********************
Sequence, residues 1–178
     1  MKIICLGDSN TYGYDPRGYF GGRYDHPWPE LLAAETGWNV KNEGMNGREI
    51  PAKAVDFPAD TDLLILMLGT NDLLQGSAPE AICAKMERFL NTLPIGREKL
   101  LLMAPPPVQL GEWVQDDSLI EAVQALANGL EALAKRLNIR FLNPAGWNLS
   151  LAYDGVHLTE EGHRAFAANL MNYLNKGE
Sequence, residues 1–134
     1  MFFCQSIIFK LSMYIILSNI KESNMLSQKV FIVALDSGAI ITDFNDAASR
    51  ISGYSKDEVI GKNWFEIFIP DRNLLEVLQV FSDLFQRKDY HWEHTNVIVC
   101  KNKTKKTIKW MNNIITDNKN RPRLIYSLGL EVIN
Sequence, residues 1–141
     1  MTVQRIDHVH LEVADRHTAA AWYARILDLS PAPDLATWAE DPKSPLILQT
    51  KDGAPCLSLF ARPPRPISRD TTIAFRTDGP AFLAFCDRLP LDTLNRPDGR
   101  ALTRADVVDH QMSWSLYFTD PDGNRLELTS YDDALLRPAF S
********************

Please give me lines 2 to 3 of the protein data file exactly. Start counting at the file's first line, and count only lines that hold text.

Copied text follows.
     1  MKIICLGDSN TYGYDPRGYF GGRYDHPWPE LLAAETGWNV KNEGMNGREI
    51  PAKAVDFPAD TDLLILMLGT NDLLQGSAPE AICAKMERFL NTLPIGREKL